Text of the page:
Shows & Panels
- The 2014 Big Picture on Cyber Security
- AFCEA Answers
- Ask the CIO
- Connected Government
- Consolidating Mission-critical Systems
- Constituent Servicing
- Continuous Monitoring: Tools and Techniques for Trustworthy Government IT
- The Data Privacy Imperative: Safeguarding Sensitive Data
- Eliminating the Pitfalls: Steps to Virtualization in Government
- Federal Executive Forum
- Federal Tech Talk
- Government Cloud Brokerage: Who, What, When, Where, Why?
- Government Mobility
- Mission-critical Apps in the Cloud
- Mobile Device Management
- The Modern Federal Threat Landscape
- The Path from Legacy Systems
- Understanding the Intersection of Customer Service and Security in the Cloud
Shows & Panels
Office of Special Counsel wants Hatch Act overhaul
Wednesday - 10/12/2011, 10:03am EDT
Federal News Radio
The law governing the political activity of federal employees is an anachronism in today's technology-driven world and "desperately needs to be updated," the head of the Office of Special Counsel, Carolyn Lerner, told the Federal Drive with Tom Temin and Amy Morris.
OSC has sent draft legislation of a Hatch Act overhaul to Congress.
Carolyn Lerner/Photo: OSC.gov
The original law was created in 1939.
"Roosevelt was president and typewriters were about the most advanced means of communication," Lerner said.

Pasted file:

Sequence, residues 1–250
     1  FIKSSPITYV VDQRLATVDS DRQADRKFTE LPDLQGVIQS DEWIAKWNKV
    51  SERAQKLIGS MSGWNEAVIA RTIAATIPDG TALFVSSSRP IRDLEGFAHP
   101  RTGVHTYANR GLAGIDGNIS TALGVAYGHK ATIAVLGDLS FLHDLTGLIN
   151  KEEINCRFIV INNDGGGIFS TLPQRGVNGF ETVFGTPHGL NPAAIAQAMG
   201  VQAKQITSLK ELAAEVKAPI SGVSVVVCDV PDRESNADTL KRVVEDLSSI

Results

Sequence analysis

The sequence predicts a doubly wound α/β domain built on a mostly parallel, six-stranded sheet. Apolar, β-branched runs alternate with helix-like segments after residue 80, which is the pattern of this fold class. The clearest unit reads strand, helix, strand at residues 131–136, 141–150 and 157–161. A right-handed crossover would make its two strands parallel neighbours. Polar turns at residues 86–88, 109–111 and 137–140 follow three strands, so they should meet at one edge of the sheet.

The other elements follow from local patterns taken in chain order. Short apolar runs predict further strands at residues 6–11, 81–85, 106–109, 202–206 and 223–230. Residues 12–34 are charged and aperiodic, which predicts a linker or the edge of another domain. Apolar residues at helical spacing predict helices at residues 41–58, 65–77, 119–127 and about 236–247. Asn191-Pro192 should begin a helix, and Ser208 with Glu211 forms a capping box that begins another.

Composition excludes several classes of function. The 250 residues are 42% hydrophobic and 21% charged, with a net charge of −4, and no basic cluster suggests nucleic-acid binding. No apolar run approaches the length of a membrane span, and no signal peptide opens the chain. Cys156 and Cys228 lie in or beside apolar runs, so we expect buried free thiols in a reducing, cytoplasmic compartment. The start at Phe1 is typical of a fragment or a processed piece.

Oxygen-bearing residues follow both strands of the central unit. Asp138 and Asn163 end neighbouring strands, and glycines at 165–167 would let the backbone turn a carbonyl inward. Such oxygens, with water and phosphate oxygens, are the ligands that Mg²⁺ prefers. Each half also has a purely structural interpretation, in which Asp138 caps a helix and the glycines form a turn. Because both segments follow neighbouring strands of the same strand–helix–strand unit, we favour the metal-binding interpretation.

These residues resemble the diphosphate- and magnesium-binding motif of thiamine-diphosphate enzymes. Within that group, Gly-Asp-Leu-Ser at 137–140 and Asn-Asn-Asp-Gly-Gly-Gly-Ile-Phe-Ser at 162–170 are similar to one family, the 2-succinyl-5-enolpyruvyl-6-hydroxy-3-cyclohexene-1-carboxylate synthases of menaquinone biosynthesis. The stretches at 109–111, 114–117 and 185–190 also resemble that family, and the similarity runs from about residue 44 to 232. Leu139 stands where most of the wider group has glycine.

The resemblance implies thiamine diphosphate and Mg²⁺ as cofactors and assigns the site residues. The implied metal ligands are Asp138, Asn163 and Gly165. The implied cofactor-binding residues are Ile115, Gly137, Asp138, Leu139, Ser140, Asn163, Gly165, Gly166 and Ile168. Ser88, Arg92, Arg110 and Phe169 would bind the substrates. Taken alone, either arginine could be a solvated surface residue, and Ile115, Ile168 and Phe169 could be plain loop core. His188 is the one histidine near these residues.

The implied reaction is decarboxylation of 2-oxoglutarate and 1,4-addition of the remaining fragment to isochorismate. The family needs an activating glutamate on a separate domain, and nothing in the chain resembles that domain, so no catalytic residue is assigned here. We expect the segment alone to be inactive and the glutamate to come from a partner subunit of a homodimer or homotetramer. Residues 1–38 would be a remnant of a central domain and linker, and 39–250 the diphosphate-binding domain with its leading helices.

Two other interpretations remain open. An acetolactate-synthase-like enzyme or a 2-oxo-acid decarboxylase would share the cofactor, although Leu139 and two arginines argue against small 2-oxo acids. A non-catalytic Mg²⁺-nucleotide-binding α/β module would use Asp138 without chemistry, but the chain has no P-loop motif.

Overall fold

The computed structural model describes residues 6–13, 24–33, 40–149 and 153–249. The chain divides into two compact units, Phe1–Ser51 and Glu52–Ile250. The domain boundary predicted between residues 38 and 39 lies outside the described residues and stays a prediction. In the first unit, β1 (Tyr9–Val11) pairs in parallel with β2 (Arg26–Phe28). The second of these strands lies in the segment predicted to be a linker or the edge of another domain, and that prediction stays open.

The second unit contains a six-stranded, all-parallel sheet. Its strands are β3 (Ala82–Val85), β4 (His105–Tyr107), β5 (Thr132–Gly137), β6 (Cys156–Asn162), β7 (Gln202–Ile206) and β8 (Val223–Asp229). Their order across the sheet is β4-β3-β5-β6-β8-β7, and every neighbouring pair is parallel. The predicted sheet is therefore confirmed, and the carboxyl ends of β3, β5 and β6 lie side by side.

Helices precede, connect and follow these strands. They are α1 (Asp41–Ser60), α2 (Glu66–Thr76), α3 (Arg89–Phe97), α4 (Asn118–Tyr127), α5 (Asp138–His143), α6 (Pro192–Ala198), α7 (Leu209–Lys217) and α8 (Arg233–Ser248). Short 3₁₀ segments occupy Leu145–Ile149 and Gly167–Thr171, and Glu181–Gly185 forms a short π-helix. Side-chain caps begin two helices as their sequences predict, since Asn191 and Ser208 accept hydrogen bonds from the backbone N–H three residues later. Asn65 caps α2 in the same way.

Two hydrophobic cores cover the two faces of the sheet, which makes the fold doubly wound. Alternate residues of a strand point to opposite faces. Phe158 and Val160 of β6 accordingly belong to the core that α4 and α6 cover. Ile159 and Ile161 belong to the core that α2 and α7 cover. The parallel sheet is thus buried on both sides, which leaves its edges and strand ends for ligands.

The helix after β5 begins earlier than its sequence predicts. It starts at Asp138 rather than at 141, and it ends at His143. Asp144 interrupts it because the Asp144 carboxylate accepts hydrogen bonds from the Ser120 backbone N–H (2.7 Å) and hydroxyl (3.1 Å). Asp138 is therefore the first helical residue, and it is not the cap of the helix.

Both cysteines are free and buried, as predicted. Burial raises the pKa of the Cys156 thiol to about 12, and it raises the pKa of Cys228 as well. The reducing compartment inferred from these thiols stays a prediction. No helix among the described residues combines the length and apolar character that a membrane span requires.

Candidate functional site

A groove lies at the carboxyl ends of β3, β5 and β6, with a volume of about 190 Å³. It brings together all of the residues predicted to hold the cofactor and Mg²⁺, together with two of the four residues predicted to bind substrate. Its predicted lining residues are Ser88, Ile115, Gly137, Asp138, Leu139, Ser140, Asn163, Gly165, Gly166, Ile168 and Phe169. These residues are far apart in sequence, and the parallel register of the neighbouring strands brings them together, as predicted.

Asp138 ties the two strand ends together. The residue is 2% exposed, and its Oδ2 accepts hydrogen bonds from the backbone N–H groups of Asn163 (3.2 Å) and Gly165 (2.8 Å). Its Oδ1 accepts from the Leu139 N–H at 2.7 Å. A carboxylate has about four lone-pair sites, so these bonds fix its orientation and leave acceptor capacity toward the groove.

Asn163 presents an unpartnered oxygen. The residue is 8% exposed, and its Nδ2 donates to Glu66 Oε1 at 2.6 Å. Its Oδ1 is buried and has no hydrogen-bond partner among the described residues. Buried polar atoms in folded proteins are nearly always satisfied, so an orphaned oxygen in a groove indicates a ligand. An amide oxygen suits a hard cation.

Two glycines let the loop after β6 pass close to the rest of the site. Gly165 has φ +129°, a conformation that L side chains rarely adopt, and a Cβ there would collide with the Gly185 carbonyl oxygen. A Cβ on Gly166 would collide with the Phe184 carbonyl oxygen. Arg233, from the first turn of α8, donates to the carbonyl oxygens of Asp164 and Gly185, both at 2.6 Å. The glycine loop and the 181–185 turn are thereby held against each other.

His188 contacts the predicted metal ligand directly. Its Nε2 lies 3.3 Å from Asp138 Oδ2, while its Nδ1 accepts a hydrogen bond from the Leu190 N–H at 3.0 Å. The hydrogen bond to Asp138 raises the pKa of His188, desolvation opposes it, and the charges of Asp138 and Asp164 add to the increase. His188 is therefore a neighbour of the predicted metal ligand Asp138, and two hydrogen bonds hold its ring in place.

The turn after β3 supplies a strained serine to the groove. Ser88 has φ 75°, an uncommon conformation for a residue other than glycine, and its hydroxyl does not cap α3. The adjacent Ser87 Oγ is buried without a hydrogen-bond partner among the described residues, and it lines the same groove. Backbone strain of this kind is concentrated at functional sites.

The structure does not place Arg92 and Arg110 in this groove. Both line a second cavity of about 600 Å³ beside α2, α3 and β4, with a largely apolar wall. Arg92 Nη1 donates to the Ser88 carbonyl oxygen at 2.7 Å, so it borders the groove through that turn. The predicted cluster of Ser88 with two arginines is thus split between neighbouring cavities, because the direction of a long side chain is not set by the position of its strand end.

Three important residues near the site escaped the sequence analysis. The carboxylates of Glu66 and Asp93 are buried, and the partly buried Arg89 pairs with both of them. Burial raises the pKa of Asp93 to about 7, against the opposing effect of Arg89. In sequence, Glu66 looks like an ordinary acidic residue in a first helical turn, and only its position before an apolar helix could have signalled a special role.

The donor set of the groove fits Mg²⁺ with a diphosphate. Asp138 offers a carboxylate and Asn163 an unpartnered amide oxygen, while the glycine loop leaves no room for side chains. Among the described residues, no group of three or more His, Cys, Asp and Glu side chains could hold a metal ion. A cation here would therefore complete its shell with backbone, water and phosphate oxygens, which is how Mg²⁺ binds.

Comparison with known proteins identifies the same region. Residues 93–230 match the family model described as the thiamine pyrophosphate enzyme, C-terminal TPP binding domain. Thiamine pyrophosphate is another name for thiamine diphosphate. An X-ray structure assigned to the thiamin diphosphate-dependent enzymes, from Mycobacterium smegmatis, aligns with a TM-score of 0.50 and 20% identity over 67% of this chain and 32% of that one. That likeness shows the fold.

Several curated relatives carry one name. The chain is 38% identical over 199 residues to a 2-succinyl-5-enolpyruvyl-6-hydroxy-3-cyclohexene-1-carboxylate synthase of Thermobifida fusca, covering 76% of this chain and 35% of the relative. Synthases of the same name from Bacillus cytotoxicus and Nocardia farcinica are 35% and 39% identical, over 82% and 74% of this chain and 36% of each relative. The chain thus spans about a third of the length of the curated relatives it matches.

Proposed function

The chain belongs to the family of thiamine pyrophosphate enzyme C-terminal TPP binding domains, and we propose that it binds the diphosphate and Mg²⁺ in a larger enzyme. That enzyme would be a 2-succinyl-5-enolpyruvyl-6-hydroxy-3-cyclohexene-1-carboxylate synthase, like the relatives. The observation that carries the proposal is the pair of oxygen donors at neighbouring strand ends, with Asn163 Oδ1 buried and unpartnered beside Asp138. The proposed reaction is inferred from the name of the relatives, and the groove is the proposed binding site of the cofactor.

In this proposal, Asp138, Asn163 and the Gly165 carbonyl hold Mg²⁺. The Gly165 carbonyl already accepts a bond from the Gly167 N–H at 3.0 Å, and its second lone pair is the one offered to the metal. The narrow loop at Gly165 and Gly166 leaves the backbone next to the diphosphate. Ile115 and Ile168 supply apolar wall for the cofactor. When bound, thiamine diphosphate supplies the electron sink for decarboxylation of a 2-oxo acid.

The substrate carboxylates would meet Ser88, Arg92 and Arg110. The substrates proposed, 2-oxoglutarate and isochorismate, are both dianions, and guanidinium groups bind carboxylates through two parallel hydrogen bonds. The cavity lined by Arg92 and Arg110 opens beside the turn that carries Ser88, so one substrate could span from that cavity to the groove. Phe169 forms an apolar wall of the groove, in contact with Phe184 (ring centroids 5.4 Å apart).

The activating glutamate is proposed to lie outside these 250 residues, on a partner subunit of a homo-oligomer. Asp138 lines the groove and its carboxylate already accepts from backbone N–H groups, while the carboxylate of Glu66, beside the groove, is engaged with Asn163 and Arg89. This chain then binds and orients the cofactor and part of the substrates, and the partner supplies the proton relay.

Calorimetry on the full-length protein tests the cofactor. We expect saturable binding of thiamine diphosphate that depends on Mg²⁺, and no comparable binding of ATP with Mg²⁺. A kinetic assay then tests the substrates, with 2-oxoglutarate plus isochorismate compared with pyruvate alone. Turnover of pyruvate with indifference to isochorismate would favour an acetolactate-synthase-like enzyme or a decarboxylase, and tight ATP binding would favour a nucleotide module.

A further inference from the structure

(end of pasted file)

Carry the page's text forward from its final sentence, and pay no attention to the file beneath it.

But the original aims of the legislation, last updated in 1993, were noble: to get politics out of the federal government and ensure the protection of the merit system for federal employees, Lerner said.
"The law desperately needs to be updated. What we're seeing now is unfair results and probably unintended consequences that were never meant to be part of the act," she added.
OSC's proposed update is two-pronged. It would:
- Remove OSC from enforcing the Hatch Act for state and local elections. Now, local officials who in any way receive federal funding are bound by the Hatch Act's prohibition on seeking political office. But it often keeps qualified candidates out of the field. "We don't want to be in the business of telling people they can't run for sheriff or school board," Lerner said.
- Change the penalty structure for employees found in violation. Now, Lerner said, "termination is the presumptive penalty," meaning for a range of offenses, the common punishment is firing. Lerner said OSC wants to see a range of penalties, from warnings and fines to suspensions.
The office introduced its proposal to Congress last week. Lerner said she's hopeful it will be embraced on the Hill.
"Our sense is that there's going to be strong bipartisan support," she said. The office is in contact with several members of Congress who have voiced support for the overhaul.
"This is a piece of legislation that would be good for the government, it would not cost any money and I think it's really a bipartisan issue," Lerner said. And we hope that there'll be lots of bipartisan support."